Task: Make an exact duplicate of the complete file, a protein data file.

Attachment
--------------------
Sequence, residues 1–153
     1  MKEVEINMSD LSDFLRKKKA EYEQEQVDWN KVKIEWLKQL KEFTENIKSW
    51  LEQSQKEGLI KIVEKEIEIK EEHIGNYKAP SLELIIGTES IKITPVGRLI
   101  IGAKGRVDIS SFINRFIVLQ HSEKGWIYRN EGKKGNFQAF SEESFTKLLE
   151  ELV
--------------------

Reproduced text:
Sequence, residues 1–153
     1  MKEVEINMSD LSDFLRKKKA EYEQEQVDWN KVKIEWLKQL KEFTENIKSW
    51  LEQSQKEGLI KIVEKEIEIK EEHIGNYKAP SLELIIGTES IKITPVGRLI
   101  IGAKGRVDIS SFINRFIVLQ HSEKGWIYRN EGKKGNFQAF SEESFTKLLE
   151  ELV